In the previous article The Marathon Monks of Mt. Hiei: Better than Olympic Athletes? Part I, I explain the sennichi kaihogyo, or 1,000 Day Challenge, in which the Tendai Buddhist monks of Mt. Hiei, sometimes referred to as the “marathon monks,” walk the equivalent of one time around the earth–at the end of which they become living Buddhas.
In Part II, I trace the monks’ steps on the 30 km pilgrimage route, or gyoja michi, which passes through the sacred mountains and forests near the temple complex of Enryakuji. It’s a rigorous course that winds through the mountains, down into the town of Sakamoto, taking them past more than 250 spiritual places. This is the route they circumambulate for days on end over a seven-year period. For tips on the meaning behind the route, be sure to read Part I before continuing!
Rather than walking the course, I decided to run it. Running pilgrimages is a hobby of mine and I find it is a great way to combine the physical with the metaphysical. It brings joy to my runs and this fulfillment keeps the challenge. If you’re a skier, you’re always looking for more mountains. Sky divers jump at different locations. Runners look for new paths and new trails give running purpose. Leave it to your RocketNews24 running reporter to tackle the famed gyoja michi and reveal its intricacies.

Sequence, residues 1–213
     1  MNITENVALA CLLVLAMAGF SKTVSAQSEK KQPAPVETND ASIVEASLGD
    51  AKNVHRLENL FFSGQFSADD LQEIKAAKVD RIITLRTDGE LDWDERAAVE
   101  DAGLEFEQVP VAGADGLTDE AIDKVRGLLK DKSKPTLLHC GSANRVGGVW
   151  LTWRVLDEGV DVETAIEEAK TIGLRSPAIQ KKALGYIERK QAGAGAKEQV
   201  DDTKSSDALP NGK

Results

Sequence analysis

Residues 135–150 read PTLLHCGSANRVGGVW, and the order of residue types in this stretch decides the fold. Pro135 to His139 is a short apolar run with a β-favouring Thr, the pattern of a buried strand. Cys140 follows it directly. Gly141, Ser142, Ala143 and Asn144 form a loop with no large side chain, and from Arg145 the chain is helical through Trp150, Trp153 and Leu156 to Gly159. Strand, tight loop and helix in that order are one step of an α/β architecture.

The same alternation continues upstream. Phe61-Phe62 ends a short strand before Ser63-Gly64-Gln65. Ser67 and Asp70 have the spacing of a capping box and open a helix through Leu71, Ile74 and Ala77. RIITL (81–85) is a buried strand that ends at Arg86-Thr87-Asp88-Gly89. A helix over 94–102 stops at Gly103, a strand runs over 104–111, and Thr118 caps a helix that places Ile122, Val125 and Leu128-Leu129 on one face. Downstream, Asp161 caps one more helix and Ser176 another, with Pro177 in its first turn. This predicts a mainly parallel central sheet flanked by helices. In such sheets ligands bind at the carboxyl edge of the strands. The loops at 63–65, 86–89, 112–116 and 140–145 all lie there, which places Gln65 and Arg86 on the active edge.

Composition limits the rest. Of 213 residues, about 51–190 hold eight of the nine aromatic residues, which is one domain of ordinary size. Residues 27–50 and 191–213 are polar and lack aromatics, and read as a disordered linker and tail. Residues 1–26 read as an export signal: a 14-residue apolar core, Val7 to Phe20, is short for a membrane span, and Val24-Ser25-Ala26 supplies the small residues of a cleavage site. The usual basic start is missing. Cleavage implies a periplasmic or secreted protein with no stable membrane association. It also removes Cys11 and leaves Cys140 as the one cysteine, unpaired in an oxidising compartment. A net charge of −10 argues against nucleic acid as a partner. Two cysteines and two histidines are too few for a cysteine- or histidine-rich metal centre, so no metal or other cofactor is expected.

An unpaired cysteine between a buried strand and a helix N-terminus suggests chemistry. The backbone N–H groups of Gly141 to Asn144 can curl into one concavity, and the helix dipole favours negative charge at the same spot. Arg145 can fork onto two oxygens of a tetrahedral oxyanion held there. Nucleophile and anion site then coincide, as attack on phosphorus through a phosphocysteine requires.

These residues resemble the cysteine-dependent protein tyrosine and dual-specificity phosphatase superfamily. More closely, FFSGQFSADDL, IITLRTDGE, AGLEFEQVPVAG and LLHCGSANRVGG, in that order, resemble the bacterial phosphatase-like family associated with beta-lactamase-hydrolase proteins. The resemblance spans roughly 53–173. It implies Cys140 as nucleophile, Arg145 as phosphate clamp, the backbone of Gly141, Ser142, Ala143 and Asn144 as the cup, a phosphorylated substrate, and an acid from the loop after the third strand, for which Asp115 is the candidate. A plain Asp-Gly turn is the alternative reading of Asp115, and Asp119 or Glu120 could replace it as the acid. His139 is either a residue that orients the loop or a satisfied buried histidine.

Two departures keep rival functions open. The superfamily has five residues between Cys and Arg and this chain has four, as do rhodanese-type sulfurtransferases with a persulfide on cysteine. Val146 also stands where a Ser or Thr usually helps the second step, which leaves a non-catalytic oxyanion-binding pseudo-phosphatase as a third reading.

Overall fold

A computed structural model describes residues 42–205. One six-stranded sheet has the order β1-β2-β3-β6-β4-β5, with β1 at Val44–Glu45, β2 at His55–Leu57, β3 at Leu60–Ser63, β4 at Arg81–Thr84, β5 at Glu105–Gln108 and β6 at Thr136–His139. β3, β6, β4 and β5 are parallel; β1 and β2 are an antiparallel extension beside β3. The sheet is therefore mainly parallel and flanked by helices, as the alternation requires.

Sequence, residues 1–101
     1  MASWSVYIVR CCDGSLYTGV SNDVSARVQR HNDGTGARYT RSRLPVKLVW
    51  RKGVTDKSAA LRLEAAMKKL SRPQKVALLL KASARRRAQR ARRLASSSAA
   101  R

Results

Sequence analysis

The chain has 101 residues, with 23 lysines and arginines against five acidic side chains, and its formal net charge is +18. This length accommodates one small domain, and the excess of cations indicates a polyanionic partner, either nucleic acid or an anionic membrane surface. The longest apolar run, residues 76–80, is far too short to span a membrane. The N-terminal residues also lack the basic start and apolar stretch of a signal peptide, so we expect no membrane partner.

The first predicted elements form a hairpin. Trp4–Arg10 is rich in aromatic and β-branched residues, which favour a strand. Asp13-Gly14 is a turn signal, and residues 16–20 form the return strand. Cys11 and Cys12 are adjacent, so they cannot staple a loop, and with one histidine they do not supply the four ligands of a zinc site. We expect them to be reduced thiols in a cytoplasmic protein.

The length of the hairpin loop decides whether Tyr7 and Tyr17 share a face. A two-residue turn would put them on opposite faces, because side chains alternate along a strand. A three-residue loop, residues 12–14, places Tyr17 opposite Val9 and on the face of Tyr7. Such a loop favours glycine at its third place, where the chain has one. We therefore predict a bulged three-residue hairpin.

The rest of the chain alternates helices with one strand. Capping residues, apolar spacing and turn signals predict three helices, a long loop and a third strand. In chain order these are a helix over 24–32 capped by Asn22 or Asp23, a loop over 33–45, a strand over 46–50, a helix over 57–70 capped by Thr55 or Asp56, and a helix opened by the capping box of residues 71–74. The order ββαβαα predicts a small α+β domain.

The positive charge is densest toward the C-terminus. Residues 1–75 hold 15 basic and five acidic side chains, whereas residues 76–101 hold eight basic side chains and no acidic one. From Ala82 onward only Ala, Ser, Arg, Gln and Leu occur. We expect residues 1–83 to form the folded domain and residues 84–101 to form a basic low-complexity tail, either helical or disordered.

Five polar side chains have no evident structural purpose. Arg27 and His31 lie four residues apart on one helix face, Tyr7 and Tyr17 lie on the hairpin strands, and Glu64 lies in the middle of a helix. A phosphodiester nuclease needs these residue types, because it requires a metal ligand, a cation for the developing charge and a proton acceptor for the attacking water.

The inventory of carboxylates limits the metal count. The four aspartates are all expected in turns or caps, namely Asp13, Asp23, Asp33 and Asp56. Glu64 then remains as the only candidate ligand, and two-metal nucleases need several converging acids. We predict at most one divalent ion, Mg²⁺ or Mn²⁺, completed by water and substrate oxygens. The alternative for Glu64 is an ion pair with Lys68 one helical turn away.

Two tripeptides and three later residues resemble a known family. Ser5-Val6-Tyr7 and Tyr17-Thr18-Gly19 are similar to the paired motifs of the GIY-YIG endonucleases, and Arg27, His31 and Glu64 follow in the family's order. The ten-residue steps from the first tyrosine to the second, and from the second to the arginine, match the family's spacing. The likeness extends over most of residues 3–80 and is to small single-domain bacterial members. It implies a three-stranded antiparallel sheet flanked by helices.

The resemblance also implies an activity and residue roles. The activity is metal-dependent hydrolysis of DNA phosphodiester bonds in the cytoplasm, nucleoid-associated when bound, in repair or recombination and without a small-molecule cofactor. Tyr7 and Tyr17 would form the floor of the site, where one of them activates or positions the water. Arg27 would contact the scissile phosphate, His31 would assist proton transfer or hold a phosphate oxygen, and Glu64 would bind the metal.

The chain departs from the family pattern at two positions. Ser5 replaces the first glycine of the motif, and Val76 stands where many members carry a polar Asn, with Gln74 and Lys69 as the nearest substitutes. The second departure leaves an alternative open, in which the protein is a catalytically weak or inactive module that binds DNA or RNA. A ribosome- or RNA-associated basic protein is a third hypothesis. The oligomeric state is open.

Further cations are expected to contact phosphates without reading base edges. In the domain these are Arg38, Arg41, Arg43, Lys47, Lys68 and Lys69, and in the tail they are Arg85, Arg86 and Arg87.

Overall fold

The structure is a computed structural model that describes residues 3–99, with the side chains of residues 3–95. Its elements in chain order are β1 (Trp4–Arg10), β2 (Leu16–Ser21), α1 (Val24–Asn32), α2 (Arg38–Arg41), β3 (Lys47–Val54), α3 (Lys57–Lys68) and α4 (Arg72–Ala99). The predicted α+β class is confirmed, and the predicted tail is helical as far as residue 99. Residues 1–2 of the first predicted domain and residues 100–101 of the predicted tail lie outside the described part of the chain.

I figured that running the 30-km course through the mountains would take the better part of a day. There is no map and from what I have read, Mt. Hiei can be fickle weather-wise. It has snow much of the winter and spring and there are bears. In June, when the weather was perfect, I set out with a small backpack fitted with a water bladder, some medical accoutrements and an extra pair of socks inside (for those inevitable foot and toe problems), plus an ultra light sleeping bag, just in case I got lost and had to spend the night in the forest (been there, done that!).